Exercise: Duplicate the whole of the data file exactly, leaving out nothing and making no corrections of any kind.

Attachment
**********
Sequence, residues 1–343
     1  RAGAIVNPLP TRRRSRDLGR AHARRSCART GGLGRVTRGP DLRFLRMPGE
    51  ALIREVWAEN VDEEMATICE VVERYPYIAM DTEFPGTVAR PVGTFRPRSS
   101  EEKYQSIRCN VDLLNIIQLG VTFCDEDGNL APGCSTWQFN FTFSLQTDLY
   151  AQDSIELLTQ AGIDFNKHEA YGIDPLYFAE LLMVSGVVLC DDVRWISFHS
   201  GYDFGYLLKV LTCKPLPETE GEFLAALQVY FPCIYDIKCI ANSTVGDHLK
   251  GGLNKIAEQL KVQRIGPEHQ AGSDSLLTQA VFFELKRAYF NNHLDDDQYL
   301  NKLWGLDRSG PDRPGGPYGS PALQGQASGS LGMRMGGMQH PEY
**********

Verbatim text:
Sequence, residues 1–343
     1  RAGAIVNPLP TRRRSRDLGR AHARRSCART GGLGRVTRGP DLRFLRMPGE
    51  ALIREVWAEN VDEEMATICE VVERYPYIAM DTEFPGTVAR PVGTFRPRSS
   101  EEKYQSIRCN VDLLNIIQLG VTFCDEDGNL APGCSTWQFN FTFSLQTDLY
   151  AQDSIELLTQ AGIDFNKHEA YGIDPLYFAE LLMVSGVVLC DDVRWISFHS
   201  GYDFGYLLKV LTCKPLPETE GEFLAALQVY FPCIYDIKCI ANSTVGDHLK
   251  GGLNKIAEQL KVQRIGPEHQ AGSDSLLTQA VFFELKRAYF NNHLDDDQYL
   301  NKLWGLDRSG PDRPGGPYGS PALQGQASGS LGMRMGGMQH PEY